More focus needed on mental health of dental professionals
A review led by the University of Plymouth has shown that dentists suffer an increased level of stress and burnout – but not enough is known about their colleagues in the wider dental team.
Written in collaboration with the University of Southampton, the rapid evidence assessment analysed research from the last 14 years on mental health in dental professionals.
The review was commissioned by the General Dental Council to better understand the extent to which dental professionals experience mental health problems and the conditions that contribute to mental and emotional distress.
The work concluded that dentists suffer an increased level of stress and burnout, particularly general dental practitioners, with litigation and regulation the main stressors. It also noted an increase in the number of dentists showing signs of burnout over the 14-year period.
However, the review showed there is little research on the wellbeing of dental care professionals, such as dental nurses, dental hygienists and dental therapists.
The review also showed a lack of research or evaluation on mental health support interventions with dental professionals in mind – and lead author, Anastasios Plessas from Peninsula Dental School at the University of Plymouth, hoped that the review would inspire more work in the area.
He said: “Conducting a review means that you find and analyse the research that already exists, and the truth is that there isn’t enough evidence around mental health in dental professionals, or whether certain interventions work. We also note the need to test bespoke interventions that recognised the range of settings and system-related issues in dentistry.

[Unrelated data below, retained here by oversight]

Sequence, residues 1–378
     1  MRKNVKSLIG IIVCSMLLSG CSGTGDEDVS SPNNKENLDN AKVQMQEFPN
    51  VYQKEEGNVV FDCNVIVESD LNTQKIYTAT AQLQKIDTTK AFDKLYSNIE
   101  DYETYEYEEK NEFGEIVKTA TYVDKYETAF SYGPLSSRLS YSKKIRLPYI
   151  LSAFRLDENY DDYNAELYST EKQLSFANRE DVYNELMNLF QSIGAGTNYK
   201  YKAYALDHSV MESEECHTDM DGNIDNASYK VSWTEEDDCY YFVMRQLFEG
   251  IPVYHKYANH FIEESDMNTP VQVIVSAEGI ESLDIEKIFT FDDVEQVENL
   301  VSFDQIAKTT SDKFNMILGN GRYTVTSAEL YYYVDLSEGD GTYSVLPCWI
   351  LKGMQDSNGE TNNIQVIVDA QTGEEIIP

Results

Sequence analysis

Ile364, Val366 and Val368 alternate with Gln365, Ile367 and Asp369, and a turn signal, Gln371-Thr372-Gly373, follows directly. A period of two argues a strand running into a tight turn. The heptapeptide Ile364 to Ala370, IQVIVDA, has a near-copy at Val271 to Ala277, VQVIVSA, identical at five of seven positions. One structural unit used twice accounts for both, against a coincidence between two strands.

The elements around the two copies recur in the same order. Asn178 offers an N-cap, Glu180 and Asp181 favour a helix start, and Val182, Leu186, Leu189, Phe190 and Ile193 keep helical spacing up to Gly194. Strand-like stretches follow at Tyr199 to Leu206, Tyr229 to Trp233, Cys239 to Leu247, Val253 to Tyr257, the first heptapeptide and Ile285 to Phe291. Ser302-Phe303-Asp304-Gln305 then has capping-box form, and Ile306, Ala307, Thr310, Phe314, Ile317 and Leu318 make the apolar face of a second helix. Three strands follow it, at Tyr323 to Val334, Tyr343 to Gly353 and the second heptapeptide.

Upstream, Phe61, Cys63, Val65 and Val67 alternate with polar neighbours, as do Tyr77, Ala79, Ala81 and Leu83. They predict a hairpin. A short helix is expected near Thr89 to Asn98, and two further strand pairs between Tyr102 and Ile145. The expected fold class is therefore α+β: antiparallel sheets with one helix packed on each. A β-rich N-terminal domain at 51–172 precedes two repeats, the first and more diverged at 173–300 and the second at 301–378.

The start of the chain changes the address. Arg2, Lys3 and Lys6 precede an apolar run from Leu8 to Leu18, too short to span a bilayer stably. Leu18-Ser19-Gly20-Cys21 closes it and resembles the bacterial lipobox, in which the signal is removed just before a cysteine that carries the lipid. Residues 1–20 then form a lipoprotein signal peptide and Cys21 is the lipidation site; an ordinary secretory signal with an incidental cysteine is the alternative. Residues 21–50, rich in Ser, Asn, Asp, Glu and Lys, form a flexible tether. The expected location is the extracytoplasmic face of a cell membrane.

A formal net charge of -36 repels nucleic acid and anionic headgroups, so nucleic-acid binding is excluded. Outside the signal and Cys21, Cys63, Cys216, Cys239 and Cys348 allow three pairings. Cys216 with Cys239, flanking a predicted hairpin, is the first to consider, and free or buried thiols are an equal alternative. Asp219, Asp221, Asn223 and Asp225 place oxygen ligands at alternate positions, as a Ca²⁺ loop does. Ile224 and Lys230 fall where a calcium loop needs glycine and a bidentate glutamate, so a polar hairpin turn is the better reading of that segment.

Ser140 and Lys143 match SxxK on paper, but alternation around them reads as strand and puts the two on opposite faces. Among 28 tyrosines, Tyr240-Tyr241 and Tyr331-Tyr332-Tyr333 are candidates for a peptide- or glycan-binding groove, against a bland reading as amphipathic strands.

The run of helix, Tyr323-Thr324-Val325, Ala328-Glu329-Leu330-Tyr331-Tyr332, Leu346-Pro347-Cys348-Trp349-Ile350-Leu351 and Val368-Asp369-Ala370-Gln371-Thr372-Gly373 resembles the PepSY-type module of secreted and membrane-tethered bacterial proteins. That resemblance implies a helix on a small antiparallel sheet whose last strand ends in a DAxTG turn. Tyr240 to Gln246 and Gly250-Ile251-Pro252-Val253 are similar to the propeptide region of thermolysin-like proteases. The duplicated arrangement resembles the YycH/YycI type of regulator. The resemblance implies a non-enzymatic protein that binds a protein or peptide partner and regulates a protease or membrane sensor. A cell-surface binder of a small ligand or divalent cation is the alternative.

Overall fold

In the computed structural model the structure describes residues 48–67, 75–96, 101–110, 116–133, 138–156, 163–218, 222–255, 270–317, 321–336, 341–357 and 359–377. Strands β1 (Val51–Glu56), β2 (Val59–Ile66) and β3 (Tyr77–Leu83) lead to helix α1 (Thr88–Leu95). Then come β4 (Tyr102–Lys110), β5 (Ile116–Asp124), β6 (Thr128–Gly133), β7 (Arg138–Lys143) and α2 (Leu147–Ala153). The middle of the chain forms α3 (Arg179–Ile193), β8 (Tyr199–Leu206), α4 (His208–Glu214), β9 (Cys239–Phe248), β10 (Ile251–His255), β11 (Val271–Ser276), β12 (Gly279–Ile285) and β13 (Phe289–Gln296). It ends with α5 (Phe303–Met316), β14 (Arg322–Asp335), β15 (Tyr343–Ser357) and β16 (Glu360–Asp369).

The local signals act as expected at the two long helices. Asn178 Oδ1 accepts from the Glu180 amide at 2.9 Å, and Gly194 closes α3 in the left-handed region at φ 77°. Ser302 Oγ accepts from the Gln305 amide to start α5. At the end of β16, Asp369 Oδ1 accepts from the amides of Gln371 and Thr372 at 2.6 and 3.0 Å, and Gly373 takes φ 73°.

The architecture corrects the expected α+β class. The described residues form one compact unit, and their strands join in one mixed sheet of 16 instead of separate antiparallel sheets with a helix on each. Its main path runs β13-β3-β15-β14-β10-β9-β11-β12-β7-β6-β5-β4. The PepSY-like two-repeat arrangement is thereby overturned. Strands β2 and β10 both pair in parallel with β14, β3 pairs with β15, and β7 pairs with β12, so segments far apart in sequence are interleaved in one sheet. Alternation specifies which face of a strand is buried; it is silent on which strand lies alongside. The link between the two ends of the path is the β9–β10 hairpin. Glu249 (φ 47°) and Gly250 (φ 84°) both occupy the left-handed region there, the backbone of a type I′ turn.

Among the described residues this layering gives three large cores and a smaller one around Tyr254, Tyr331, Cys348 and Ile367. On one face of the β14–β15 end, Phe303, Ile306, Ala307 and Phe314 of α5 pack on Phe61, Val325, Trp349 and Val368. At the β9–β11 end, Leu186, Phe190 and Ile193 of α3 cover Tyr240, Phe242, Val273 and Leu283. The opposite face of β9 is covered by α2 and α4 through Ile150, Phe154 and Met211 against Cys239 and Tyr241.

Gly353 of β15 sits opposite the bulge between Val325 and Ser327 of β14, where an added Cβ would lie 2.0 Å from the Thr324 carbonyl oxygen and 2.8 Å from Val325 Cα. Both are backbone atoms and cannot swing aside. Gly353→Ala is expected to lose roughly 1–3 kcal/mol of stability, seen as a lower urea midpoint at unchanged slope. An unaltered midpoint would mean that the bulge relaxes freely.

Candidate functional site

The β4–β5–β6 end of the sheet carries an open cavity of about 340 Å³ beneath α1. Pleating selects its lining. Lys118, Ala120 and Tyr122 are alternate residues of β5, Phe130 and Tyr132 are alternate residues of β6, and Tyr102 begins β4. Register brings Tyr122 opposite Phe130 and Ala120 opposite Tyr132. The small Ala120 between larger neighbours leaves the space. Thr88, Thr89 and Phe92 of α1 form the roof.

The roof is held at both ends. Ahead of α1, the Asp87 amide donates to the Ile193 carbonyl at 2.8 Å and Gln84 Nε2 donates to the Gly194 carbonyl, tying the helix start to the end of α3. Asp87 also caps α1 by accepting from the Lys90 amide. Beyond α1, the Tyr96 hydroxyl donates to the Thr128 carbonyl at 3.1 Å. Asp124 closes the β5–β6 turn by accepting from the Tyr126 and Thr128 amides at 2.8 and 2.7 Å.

Some of the studies that we found suggested that poor mental health may lead to practitioners being less clinically confident and potentially impact treatment decisions. However, further empirical studies need to happen before anyone can know if and how poor mental health and wellbeing impacts on dental teams’ performance and patient safety.
Mental health is higher on our society’s agenda than ever before, so we hope the review’s findings will prompt further studies into mental health and the interventions that can help.”
The review asked three main questions:
- What is the prevalence of mental health issues in the dental team and dental students in the UK and how has it changed over the last 14 years?
- What preventative and intervention techniques to tackle mental health issues have been used and evaluated in dental teams and students in highly developed countries?
- And what preventative and intervention techniques have been used and evaluated to tackle mental health issues in other healthcare professionals in the UK?
Roz McMullan, Co-Chair of the Mental Health Wellness in Dentistry Working Group said: “Mental health has long been the Cinderella specialty in medicine, and sadly so has mental health research. This review highlights the need for robust, UK-wide longitudinal studies, looking at all members of the dental team in all settings, so we can identify vulnerable populations, the relevant stressors, the interventions that work for dental professionals, and understand the factors that impact the ability of dental team members to recover from stress and poor mental health.
There is no better time than now for all dental workplaces to put mental health wellness at the centre of their systems and policies. Many workplaces and general dental practices already offer a supportive environment for their team members. This can now be formalised using the Framework developed by the Mental Health Wellness in Dentistry Working Group .”
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